New York Approves Close-to-Home Care for Teen Offenders

by Jeanette Moll

Late Tuesday night, the New York Senate, Assembly and Governor agreed on the 2012-13 budget, which includes an innovative new juvenile justice program.

The “Close to Home” initiative, which would allow New York City to place low and mid-level juvenile delinquents in treatment programs in or near New York City, rather than in facilities hundreds of miles away in upstate New York, was included in Governor Andrew Cuomo’s original budget proposal. The Senate and Assembly, however, first had to approve the measure and pass budgets that included it.

Beginning in September of 2012, youth otherwise placed in non-secure facilities will now be placed in New York City-administered programs and facilities. Youth from limited-secure facilities will be placed in City programs beginning in April of 2013.

These categories of youth in New York are usually tried for misdemeanors or non-violent felonies. When they are sent to facilities far upstate, they are often placed a great distance from their families and communities. This distance from support networks correlates with dismal outcomes—youth recidivism among offenders released from state facilities is over 80 percent after three years. Furthermore, the cost exceeds $250,000 per year, giving taxpayers little return on a high investment.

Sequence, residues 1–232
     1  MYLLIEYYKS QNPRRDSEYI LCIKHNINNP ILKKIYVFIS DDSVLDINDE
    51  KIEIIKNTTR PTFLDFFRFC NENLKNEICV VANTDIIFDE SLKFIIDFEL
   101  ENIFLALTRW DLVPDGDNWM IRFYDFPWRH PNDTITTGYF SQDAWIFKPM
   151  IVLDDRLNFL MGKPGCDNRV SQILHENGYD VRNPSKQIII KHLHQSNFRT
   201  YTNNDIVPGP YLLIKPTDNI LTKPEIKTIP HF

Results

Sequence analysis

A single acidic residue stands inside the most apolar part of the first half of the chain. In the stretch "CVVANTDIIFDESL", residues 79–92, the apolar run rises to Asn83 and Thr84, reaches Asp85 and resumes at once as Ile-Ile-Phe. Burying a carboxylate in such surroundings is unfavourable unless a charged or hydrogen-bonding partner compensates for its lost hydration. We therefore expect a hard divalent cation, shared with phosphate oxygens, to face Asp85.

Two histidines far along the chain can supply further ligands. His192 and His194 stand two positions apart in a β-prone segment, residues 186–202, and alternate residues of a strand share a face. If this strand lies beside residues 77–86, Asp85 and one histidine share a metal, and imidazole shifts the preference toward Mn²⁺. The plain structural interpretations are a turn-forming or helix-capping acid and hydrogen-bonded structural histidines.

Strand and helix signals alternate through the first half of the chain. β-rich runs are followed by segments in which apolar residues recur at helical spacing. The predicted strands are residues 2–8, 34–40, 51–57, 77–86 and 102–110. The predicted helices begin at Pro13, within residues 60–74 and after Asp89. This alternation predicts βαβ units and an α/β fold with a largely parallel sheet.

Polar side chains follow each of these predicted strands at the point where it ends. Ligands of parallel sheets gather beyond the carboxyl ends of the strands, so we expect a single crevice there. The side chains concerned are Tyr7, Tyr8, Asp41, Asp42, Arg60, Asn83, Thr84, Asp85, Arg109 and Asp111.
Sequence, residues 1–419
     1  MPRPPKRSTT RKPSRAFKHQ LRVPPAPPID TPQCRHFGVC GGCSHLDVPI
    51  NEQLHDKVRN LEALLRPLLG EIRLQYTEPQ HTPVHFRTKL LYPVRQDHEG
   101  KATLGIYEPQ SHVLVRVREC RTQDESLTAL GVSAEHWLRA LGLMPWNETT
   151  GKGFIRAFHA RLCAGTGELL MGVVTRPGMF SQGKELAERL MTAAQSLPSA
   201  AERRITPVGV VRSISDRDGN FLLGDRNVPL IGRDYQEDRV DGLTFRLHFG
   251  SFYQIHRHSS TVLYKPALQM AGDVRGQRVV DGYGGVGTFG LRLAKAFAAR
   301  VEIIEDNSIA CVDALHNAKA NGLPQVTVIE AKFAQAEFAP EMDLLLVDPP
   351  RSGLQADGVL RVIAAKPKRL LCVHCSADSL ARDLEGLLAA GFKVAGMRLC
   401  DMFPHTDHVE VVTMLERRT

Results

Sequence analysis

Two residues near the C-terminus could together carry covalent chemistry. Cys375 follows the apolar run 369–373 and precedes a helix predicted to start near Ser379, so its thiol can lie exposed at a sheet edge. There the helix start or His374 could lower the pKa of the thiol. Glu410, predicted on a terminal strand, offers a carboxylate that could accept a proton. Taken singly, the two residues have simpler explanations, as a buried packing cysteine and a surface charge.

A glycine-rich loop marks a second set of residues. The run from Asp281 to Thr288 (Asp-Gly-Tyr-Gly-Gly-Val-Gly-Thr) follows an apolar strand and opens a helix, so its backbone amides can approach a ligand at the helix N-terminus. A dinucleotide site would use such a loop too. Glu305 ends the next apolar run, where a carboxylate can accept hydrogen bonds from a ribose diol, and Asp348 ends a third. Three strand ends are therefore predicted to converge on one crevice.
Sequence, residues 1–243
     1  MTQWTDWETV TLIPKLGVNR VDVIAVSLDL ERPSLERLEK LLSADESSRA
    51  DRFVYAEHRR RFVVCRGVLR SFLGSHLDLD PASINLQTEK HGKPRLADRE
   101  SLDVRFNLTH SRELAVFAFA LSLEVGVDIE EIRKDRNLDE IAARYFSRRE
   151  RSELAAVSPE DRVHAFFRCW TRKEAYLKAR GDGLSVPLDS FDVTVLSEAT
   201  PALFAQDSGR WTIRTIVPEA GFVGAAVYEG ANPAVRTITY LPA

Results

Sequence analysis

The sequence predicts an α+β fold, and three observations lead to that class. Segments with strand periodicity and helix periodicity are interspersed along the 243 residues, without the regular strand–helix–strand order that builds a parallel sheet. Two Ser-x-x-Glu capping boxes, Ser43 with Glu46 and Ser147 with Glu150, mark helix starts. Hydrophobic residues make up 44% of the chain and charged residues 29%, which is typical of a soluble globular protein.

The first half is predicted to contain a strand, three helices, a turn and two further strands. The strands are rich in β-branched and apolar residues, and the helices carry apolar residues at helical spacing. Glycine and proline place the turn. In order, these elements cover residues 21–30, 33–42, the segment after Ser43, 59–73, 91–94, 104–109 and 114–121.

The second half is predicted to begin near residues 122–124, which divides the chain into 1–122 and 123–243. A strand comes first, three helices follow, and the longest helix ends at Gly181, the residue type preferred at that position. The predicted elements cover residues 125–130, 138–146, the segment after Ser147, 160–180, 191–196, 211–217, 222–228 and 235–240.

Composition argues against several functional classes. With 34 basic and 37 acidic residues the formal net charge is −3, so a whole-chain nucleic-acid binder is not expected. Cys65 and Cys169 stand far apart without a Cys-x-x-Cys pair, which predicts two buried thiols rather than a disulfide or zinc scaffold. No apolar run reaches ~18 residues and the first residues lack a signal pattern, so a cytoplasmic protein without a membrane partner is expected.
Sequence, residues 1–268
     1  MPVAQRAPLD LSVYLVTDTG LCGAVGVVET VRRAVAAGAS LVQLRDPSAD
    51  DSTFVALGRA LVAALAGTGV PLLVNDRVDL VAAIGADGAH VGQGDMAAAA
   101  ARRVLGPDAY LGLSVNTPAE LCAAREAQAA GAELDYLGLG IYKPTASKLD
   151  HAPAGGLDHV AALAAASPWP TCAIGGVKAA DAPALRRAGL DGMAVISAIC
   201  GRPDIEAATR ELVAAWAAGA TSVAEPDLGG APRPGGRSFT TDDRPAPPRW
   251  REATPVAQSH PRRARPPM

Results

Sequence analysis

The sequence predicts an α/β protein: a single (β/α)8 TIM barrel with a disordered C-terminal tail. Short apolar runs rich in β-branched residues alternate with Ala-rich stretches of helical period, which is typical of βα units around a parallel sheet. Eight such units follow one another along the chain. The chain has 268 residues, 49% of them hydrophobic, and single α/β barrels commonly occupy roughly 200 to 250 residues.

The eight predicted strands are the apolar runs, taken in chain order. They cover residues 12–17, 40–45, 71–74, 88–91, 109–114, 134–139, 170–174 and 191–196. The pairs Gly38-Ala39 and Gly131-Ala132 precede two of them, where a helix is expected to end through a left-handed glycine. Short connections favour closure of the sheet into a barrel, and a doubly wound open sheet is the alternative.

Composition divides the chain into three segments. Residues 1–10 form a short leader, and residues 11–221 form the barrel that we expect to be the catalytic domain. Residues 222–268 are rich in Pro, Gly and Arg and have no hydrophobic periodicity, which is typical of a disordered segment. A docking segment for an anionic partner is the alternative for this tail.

By contrast, City-administered facilities under this initiative will be geographically closer to a youth’s family, and treatment options will be tailored to a youth’s individual risks and needs. Community-based programming has been proven more effective than traditional state-training schools for low and mid-level juveniles, all at a much lower cost, thereby giving New York City juveniles better outcomes and reducing the burden on taxpayers. (In fact, the cost savings is estimated over $30 million over the next four years). Furthermore, because high-risk juveniles convicted of serious offenses will still be placed in secure facilities, public safety remains the highest priority.


The post above is reprinted with permission from the blog of Right on Crime, a project of the Texas Public Policy Foundation, a research institute in Austin, TX.


Jeanette Moll is a juvenile justice policy analyst in the Center for Effective Justice at the Texas Public Policy Foundation. Prior to joining TPPF, she served as a legislative aide in the Wisconsin Legislature, where she dealt with various policy issues, media affairs, and constituent outreach. Moll earned a B.A. in Political Science from the University of Wisconsin-Madison. She then earned a J.D. from the University of Texas School of Law, where she served on the board of the Texas Review of Litigation and interned with a federal bankruptcy judge, a Texas appellate court judge, and a central Texas law office.

 

*Photo by Flickr user joiseyshowaa

 

 

 

 

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